On the slim chance that my son does not one day become president, I
feel a moral obligation to impart to the free world the crux of his
life philosophy. To share his guiding belief, a conviction that can be
summed up in two words: Yes Chicken.
Yes Chicken is the result of
Zev's apparent allergy to any conflict that may arise in a fictional
story. When I read to him, he constantly instructs me to make quick
edits – hence, Goldilocks always fixes the Little Bear's chair and
whips up a new batch of porridge. The Big Bad Wolf eats a sandwich
instead of Little Red Riding Hood's grandma.
Often he commands
that the stories I tell him be made up; he'll say something like, "Tell
a story about Chewbacca riding his bicycle on the moon," and like an
improv comedian, I have to run with it. So the other day, when telling
him a requested tale about a rhinoceros farmer (that's a farmer who is
a rhinoceros, not a human into rhino husbandry), I said that the
hapless hero came across a chicken who refused to give up her eggs. Try
as he might, I told Zev, the rhinoceros could not coax the hen into
giving up the key ingredient for his morning omelet.
"Each morning, the chicken said no," I told him.
of demanding that the characters (or I) solve the problem, Zev sat up
straight in his chair, extended his tiny toddler hand and offered his
"I have a Yes Chicken, rhinoceros," he said. "This chicken says yes."
took the imaginary chicken from his hand, and thanked him. It may have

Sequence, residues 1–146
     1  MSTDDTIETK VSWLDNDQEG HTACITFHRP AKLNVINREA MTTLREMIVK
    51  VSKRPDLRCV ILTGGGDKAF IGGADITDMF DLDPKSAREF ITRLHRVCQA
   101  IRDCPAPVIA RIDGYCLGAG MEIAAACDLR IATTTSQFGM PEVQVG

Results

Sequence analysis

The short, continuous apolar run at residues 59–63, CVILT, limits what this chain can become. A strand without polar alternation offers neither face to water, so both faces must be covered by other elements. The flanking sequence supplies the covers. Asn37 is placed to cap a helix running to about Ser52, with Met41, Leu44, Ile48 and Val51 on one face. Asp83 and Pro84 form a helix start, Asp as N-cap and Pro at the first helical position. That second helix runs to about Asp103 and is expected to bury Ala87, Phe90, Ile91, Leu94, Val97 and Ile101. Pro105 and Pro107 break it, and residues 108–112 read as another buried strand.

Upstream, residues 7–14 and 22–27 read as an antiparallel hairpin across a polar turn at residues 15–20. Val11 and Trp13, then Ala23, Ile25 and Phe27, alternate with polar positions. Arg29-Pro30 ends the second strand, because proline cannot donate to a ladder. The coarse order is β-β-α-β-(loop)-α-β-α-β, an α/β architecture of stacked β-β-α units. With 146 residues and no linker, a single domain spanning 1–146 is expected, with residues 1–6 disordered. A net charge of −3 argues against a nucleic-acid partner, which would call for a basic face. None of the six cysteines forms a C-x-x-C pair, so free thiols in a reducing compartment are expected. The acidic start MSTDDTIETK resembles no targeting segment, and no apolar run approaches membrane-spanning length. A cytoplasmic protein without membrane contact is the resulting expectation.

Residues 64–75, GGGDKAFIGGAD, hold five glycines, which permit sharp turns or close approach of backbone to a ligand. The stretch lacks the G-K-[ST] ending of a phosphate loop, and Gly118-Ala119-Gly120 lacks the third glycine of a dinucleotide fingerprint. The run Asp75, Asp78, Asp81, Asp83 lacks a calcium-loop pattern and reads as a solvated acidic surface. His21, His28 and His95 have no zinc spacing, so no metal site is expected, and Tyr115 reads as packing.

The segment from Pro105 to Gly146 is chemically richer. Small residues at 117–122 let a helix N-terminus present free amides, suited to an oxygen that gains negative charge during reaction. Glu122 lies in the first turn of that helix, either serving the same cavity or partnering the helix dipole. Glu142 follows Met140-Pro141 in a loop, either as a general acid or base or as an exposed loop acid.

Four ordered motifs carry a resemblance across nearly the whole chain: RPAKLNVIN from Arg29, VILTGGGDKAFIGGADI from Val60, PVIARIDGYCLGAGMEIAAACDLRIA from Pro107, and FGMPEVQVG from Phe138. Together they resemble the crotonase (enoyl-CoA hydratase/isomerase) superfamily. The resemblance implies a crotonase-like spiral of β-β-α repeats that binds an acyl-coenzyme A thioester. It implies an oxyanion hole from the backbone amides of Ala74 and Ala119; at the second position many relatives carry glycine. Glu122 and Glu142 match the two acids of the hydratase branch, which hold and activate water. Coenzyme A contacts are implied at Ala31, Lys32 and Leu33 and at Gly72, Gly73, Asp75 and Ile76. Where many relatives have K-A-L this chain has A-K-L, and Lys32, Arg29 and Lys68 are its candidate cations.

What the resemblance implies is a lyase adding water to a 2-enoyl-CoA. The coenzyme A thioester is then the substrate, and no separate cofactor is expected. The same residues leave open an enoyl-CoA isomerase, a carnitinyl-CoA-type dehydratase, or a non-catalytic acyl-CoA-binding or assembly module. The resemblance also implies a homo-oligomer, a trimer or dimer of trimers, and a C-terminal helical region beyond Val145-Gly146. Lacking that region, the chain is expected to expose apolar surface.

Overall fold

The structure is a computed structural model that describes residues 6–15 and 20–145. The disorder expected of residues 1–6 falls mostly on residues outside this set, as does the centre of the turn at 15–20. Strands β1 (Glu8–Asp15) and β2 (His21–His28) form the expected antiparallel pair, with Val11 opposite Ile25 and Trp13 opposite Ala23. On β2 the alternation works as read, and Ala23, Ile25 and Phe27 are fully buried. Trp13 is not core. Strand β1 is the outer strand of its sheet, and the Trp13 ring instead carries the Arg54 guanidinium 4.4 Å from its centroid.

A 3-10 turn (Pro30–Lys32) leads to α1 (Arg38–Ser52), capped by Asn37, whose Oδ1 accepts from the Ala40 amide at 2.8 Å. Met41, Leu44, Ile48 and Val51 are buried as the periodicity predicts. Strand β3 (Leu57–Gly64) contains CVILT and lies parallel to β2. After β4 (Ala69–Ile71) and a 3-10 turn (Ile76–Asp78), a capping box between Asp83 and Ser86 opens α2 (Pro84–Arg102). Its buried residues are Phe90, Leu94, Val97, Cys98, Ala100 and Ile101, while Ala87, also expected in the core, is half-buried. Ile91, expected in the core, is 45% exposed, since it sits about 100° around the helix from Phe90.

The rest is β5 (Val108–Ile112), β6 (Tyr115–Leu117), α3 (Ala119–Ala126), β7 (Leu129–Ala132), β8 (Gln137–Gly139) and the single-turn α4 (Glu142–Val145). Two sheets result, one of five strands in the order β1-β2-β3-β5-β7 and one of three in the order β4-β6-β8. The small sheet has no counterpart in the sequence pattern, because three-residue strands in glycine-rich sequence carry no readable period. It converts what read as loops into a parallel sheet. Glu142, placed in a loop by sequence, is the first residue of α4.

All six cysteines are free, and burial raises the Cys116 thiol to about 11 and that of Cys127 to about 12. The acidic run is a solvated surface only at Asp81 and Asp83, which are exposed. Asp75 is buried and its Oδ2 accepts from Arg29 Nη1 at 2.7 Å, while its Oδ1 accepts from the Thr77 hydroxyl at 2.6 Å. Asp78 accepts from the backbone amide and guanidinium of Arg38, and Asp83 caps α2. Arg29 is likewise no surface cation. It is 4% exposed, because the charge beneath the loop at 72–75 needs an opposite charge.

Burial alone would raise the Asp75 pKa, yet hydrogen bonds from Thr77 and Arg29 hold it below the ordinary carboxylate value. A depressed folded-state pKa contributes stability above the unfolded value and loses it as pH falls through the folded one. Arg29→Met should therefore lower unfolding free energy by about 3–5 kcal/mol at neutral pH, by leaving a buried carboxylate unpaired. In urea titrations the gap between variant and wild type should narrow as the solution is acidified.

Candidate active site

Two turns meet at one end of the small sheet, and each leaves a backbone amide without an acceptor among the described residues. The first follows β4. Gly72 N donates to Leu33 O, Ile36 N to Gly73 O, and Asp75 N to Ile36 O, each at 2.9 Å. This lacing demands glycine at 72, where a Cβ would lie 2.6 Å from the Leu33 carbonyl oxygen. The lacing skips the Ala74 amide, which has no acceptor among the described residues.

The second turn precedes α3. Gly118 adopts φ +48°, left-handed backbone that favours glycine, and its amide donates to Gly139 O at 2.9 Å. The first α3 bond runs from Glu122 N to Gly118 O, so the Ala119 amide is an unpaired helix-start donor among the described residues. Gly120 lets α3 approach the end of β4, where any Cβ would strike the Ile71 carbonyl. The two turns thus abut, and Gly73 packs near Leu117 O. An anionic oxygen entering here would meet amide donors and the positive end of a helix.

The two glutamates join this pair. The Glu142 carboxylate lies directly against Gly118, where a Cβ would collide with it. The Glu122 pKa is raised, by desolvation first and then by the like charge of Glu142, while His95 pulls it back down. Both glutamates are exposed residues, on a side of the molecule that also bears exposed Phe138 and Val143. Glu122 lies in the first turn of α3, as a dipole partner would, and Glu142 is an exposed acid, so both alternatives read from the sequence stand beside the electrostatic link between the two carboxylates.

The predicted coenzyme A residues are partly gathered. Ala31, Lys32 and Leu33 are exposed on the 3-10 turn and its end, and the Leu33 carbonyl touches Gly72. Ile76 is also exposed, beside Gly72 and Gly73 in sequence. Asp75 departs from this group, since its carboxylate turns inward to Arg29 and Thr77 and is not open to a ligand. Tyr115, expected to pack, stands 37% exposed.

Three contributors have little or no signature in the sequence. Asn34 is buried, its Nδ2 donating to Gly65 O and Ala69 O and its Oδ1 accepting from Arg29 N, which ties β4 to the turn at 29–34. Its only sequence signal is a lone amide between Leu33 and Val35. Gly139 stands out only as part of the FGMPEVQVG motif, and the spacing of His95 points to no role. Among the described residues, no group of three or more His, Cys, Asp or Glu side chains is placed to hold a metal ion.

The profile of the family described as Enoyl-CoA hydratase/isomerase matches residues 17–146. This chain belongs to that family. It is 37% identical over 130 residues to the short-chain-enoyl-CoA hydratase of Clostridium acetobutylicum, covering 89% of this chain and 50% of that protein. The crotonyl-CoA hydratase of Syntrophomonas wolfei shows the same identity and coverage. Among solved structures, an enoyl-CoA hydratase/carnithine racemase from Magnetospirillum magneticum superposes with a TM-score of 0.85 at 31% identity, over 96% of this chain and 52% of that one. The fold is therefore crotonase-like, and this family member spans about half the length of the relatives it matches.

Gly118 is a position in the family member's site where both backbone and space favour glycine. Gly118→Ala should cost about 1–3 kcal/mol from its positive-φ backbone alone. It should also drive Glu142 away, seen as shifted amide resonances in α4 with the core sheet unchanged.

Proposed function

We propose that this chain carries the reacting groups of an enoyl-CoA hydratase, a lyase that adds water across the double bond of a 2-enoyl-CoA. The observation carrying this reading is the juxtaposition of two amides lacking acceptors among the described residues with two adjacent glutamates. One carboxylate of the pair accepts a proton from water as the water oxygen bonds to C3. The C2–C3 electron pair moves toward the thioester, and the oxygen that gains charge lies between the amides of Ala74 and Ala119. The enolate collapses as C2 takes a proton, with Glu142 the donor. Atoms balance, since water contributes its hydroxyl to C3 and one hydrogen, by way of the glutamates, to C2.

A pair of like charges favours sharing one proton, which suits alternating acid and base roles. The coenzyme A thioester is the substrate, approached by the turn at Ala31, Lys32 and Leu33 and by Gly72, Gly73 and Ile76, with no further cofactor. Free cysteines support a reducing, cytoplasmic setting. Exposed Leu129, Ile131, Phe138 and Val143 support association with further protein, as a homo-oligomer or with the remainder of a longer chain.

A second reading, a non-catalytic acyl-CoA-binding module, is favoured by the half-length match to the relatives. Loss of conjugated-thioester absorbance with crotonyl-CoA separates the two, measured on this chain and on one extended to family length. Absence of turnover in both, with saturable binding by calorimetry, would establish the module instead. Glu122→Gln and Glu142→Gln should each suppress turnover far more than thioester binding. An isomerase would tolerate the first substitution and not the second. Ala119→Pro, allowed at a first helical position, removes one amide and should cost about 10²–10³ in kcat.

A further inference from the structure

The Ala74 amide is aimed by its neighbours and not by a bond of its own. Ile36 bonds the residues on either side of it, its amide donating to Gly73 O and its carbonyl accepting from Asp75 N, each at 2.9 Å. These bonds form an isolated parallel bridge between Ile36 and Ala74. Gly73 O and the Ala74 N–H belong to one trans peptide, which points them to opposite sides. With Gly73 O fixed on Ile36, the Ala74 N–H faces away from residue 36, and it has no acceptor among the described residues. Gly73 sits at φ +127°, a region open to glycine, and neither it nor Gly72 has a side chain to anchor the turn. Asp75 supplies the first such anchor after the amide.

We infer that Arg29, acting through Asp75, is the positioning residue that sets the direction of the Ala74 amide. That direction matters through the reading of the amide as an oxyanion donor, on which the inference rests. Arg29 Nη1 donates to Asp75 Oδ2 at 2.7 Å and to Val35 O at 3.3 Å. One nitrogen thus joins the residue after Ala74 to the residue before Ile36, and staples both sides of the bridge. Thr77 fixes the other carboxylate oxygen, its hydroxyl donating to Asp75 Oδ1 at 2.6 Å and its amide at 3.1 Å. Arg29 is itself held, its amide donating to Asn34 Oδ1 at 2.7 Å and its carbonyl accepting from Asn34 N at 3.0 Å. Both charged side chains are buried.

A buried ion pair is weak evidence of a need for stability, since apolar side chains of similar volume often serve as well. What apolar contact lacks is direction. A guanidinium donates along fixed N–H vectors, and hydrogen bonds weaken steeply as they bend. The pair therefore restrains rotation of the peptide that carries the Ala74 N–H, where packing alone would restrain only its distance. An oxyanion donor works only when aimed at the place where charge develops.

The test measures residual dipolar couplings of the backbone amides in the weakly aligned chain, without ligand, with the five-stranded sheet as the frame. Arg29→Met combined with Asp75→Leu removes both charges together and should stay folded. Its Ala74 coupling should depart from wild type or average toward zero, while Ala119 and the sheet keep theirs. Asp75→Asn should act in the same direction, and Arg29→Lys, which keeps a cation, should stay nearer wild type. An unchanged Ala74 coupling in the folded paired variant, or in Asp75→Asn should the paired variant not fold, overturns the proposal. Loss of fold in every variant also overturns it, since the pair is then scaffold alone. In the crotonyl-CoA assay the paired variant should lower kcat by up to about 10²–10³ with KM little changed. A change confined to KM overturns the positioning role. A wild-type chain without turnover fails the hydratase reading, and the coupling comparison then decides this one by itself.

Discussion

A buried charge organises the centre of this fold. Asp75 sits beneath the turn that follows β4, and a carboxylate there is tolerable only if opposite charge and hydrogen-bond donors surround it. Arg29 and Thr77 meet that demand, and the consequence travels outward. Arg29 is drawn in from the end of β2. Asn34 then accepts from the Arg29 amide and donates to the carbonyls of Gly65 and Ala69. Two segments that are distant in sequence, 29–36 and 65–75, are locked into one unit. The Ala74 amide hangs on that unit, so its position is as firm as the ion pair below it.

prematurely ended what (I thought, anyway) was a pretty good
made-up-on-the-fly story, but this Yes Chicken gave me so much more.
the face of it, the Yes Chicken is a cop-out – a little deus ex machina
designed to keep the rhino from having to either fail or use force. But
when I think of all the stories we heard growing up – the travails of
good vs. evil – I realize we all could have benefited from an
occasional Yes Chicken.
Too often we come up against No Chickens
and think, "That's that." Either you get that No Chicken to give up her
eggs, or breakfast is ruined. It comes down to win or lose. So rarely
do we stop and think that there has to be another solution. "Maybe I'll
have cornflakes," or "How else can I get eggs?"
So many times in
my life, I've found myself stuck in one way of thinking, unable to
recast problems in anything other than the starkest of black and white.
A lot of the decisions I've made were very No Chicken choices: For
instance, somewhere along the line I probably couldhave worked on a glass submarine in Hawaii for a year without compromising my journalism career.
Zev first presented me with the Yes Chicken a few weeks ago, I haven't
been able to stop thinking about it. Inventing a solution out of thin
air is not just the hopeful provenance of a toddler, but a
wise-beyond-his-age approach to life.
I read an article about
"The Death of Environmentalism," a book that claims the environmental
movement is its own worst enemy by being doomsayer rather than
innovator. And I find myself thinking, "What they need is a Yes
"This chicken creates as much energy as a coal-burning chicken, but without all the emissions."
President Mahmoud Ahmadinejad spews hateful nonsense, thugs in Darfur
give President Carter a hard time, and I say, "A Yes Chicken would
(Admittedly, I have no idea how in these cases, but I'm sure it would.)
managed to find its Yes Chicken. While the music industry wonders how
it's going to survive the digital age, the band just released an album
you can buy for whatever price you deem appropriate to pay. Maybe it'll
be a catastrophic failure, or maybe it'll be the chicken that laid the
I'm sure I haven't done justice to Zev's precious
philosophy. Americans will just have to wait until Jan. 20, 2040, to
get it in full. But until then, the next time you're faced with two
evils, don't just pick the lesser. Pick the poultry.